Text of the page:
It took one weekend for a family to gain a roof over their head.
Since 2020, Unifor Local 27 in London, Ont., has partnered with the Oneida Nation of the Thames on the Imagine Build project to build affordable housing.
From Oct. 20 to 22, 10 volunteers from mainly the union’s Local 1106 and 27 participated in an “Imagine Blitz” fundraiser to help St. Thomas-based builder Doug Tarry Homes construct a house over a weekend. The Ontario Regional Council donated $4,000 for Unifor members to help with the project during an assigned timeslot.
“The Imagine Build project is everything reconciliation is meant to represent,” said Unifor Ontario Regional Director Samia Hashi.
“Housing is a human right. This is an opportunity for our union to reflect on the past and support the future with a solid solution to make life better for Indigenous people, brick-by-brick.”
Initially, the goal of Imagine Build was to construct four houses. Builders are currently working on the fourth one now, hoping to have it finished by Christmas next month.
Local 27 is working together with Chief Todd Cornelius, the Oneida Band Council, and community activists to build bridges between communities, through Mandi Fields – Brand Partnerships Specialist at Bell Media, who has taken the lead on the project – and the Imagine Build Foundation.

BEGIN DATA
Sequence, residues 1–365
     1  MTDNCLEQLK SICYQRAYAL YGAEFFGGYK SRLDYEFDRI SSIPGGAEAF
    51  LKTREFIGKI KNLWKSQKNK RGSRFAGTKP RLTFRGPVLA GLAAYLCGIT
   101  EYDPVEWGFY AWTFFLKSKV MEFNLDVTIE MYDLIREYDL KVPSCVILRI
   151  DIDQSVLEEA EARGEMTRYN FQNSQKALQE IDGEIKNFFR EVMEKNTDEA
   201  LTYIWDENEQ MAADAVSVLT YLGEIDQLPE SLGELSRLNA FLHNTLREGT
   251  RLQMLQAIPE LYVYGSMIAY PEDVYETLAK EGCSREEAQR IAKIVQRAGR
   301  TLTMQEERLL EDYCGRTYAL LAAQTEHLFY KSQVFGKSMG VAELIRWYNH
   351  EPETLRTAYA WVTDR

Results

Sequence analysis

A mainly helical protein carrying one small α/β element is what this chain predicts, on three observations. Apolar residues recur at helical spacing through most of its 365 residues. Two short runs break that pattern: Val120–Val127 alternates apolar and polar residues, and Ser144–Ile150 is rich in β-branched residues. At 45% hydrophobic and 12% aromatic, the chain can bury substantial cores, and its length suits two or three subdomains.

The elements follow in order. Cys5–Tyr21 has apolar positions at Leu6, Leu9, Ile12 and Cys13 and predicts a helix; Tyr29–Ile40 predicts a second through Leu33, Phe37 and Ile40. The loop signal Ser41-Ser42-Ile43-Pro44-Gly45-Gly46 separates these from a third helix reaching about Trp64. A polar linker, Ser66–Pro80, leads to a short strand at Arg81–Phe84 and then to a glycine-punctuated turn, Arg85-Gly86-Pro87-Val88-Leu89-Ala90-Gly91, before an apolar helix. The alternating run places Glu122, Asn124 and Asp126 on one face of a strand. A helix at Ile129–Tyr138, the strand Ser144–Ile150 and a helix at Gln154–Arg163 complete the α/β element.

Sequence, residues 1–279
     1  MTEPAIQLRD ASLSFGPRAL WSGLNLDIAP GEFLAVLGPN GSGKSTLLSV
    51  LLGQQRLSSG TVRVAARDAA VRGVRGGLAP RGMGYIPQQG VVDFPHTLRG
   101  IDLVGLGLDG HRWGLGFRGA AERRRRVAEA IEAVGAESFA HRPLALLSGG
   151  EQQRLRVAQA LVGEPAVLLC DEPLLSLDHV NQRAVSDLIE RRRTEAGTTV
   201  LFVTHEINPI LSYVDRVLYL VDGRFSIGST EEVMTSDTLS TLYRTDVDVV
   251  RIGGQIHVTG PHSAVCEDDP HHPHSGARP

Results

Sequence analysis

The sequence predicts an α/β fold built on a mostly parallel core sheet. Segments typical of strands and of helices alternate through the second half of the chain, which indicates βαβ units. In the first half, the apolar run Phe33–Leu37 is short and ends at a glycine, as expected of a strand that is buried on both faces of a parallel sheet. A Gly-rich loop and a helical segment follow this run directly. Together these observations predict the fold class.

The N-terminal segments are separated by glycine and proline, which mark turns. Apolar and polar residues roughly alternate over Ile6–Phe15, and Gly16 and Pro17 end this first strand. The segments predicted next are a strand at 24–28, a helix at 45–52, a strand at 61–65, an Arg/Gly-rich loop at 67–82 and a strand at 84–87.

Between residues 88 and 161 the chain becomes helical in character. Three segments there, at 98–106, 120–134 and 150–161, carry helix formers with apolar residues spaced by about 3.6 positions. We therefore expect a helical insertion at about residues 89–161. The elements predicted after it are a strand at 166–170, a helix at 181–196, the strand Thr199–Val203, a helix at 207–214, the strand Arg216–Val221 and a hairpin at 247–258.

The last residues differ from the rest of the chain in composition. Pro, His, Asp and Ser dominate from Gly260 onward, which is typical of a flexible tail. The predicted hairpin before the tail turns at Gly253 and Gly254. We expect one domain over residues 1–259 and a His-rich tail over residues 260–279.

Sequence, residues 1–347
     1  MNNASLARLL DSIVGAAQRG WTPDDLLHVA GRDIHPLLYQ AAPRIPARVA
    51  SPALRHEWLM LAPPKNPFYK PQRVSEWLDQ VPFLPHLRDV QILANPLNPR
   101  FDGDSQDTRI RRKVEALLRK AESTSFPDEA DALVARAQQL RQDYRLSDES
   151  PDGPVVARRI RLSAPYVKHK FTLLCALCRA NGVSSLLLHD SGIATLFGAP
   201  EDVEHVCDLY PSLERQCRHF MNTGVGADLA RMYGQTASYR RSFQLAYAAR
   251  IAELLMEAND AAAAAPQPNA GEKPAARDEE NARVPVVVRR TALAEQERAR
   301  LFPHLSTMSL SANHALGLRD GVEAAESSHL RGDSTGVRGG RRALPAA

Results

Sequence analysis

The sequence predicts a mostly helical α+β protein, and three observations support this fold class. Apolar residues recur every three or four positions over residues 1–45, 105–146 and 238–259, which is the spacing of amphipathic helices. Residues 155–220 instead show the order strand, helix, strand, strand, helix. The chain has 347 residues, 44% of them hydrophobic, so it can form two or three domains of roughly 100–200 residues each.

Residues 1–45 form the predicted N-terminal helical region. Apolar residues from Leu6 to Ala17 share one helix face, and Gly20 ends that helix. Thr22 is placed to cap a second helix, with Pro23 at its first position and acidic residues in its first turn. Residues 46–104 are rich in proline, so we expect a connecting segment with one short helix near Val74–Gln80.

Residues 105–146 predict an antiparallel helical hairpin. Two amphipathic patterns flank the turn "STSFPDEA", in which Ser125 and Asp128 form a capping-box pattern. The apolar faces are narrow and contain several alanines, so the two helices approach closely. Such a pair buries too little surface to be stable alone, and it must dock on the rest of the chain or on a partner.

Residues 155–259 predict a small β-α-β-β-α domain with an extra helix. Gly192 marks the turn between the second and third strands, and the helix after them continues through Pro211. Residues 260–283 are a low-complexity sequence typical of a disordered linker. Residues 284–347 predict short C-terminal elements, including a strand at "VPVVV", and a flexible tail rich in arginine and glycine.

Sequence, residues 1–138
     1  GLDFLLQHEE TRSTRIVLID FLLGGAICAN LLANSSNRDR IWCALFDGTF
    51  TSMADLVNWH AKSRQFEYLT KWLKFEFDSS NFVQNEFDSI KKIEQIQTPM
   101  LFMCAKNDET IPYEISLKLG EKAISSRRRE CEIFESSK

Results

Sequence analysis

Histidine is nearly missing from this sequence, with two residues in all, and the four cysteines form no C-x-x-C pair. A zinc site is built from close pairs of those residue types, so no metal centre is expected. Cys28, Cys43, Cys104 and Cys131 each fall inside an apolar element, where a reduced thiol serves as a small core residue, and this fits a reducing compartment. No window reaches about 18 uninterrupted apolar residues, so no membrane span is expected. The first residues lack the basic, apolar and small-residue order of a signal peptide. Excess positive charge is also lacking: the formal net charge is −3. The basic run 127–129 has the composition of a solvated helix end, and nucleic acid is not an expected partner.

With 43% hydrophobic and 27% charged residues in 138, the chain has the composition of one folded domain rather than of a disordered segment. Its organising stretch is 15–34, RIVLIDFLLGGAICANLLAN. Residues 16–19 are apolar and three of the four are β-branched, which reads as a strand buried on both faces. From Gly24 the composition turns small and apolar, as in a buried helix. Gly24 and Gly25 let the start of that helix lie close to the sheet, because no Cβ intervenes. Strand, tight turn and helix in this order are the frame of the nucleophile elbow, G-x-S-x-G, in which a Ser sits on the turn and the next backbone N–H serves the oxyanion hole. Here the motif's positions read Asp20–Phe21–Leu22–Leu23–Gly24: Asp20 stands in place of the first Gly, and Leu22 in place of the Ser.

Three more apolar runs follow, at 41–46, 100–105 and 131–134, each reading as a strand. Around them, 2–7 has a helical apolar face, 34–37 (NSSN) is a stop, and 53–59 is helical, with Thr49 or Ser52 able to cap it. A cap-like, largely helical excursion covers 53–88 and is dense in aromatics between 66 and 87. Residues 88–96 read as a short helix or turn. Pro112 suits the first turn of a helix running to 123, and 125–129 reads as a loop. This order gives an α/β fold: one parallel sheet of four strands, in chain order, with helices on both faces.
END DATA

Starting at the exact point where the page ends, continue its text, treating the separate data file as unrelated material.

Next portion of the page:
For the three-day blitz, there were 10 to 15 slots where individuals and organizations could donate $4,000 to help contribute to building the third home or provide support in other ways. The Unifor volunteers helped serve breakfast on the Friday morning.
“This house went up Friday morning and it was just a basement. I was serving coffee and I turned around and 20 minutes later and walls were up, it was amazing,” said Unifor Local 27 President Brian Chapman.
“They had about 60 guys in there with cranes and everything. It was like a little beehive going on. By Sunday afternoon at noon, they walked the individual through the house. They were finishing the trim and a bit of painting. The house was done.”
To date, Unifor has raised over $450,000 for Imagine Build, said Chapman.
He said the money the homeowners pay to live in the houses will go back into a pool, so Imagine Build can continue its vision of providing more roofs over heads and shortening the lengthy waitlist to affordable housing.
“I don’t know if you can ever make it right [for Indigenous communities], but it’s about making it better, going forward,” he said.
“Our hope is it bridges the mistrust, now that they see these houses being built and people moving in them.”